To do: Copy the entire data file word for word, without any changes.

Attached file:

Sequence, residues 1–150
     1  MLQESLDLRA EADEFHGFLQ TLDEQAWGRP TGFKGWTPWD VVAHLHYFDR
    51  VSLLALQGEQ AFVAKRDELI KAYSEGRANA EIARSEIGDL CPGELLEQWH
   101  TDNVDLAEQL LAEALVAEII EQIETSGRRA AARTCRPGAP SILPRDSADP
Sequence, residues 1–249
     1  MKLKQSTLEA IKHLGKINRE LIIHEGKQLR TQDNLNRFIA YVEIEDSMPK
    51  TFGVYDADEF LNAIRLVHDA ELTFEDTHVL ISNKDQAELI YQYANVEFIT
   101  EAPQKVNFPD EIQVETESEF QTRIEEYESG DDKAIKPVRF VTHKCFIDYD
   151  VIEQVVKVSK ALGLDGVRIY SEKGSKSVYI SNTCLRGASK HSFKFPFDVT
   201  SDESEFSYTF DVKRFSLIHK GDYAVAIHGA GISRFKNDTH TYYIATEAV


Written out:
Sequence, residues 1–150
     1  MLQESLDLRA EADEFHGFLQ TLDEQAWGRP TGFKGWTPWD VVAHLHYFDR
    51  VSLLALQGEQ AFVAKRDELI KAYSEGRANA EIARSEIGDL CPGELLEQWH
   101  TDNVDLAEQL LAEALVAEII EQIETSGRRA AARTCRPGAP SILPRDSADP
Sequence, residues 1–249
     1  MKLKQSTLEA IKHLGKINRE LIIHEGKQLR TQDNLNRFIA YVEIEDSMPK
    51  TFGVYDADEF LNAIRLVHDA ELTFEDTHVL ISNKDQAELI YQYANVEFIT
   101  EAPQKVNFPD EIQVETESEF QTRIEEYESG DDKAIKPVRF VTHKCFIDYD
   151  VIEQVVKVSK ALGLDGVRIY SEKGSKSVYI SNTCLRGASK HSFKFPFDVT
   201  SDESEFSYTF DVKRFSLIHK GDYAVAIHGA GISRFKNDTH TYYIATEAV